How many people did you help by writing your last English paper?

For six students in an Organizational Studies activism class, the objective is not only to make the grade, but to help fellow University students express their secrets in a healthy, confidentially.

The Yellow Box Campaign is intended to be a cathartic means for University students to divulge things they might otherwise keep bottled up. Boxes, pens and paper, have been discreetly placed in different areas around campus including the Shapiro Undergraduate Library, Michigan Union, Mason Hall, and several residence halls.

LSA sophomore Julie Siegler said the project, which kicked off Thursday, will be in place for the rest of the year. The team hopes to get at least 500 responses in that time.

“Everyone has those little secrets that they would never tell anyone, and this is a way for them to do that,” Siegler said. “Once you’ve written it down, it’s out, it’s done and you don’t have to worry about it anymore.”

Siegler felt that the aspect of confidentiality would appeal to students, adding that the posts will be shredded and disposed of once the boxes are full.

“Keeping things bottled up isn’t healthy and can often lead to depression and other mental health problems,” Siegler said. “By writing down your secret, you’re helping to externalize it and make it objective, not subjective, which makes everything more manageable.”

Though the responses will not be read by anyone, including the Yellow Box team members, Siegler predicts a wide range of responses, likening them to postings on Whisper or PostSecret.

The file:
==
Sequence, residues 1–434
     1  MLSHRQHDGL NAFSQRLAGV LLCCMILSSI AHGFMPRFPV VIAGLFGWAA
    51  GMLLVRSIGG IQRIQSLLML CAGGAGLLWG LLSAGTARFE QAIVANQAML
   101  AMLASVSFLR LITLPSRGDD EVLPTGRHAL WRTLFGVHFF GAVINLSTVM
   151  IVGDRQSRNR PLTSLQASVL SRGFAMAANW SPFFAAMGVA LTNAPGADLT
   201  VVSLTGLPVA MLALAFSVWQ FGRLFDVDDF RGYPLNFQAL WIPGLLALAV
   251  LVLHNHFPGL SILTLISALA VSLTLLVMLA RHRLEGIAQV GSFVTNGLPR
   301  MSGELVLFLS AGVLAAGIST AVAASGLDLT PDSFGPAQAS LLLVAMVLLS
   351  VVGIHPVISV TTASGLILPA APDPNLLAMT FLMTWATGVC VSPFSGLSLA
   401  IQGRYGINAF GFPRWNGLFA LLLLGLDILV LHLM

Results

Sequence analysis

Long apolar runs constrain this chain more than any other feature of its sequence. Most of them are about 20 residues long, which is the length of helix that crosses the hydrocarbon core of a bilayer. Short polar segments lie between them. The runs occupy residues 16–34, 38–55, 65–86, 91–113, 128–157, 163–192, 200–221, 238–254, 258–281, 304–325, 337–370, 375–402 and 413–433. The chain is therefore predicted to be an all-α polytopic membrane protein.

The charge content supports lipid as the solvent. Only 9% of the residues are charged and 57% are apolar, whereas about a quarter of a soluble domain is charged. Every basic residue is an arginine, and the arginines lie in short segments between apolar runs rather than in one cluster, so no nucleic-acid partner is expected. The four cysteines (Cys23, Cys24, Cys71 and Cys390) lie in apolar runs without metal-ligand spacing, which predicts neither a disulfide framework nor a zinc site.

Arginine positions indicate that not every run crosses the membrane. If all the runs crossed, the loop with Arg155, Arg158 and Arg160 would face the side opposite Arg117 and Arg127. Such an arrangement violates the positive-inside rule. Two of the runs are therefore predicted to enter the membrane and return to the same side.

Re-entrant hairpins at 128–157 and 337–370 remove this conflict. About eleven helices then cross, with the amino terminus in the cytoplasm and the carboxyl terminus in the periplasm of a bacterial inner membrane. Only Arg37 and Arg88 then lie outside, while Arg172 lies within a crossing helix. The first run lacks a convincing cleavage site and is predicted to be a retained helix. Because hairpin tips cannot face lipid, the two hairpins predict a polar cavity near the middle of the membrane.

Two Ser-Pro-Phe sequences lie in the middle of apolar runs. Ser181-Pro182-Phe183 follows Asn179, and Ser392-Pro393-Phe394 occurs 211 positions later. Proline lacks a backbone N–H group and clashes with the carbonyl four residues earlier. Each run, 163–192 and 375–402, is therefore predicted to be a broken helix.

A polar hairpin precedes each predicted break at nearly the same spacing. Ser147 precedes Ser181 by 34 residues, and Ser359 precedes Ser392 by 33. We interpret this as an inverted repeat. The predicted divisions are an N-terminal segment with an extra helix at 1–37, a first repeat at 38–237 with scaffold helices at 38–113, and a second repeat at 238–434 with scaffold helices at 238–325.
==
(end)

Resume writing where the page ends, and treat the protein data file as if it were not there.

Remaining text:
“At this point, social media is something that’s viewed as cool and trendy, so we felt like this would be a good way to help people express themselves,” she said. “We’re expecting people will have things to say, whether they be these deep, profound statements or just things they don’t want to keep a secret any longer.”

Siegler said the group is currently looking for other organizations to collaborate with. So far, the group has earned the support of the organization To Write Love on Her Arms, which provides assistance to students struggling with self-abuse.

“I could definitely see this project continuing on if people are willing to do it,” she said. “It’s relatively low-key; all you need are the boxes and then someone to supply the pens and paper, so it’s definitely achievable.”

Siegler acknowledged that this level of honesty might be difficult for some students, especially with secrets they’ve kept for a long time.

“I can understand that this could be uncomfortable or something people are made to feel weird about, but it’s a private decision and a private conversation with yourself that can really help you in the end.”

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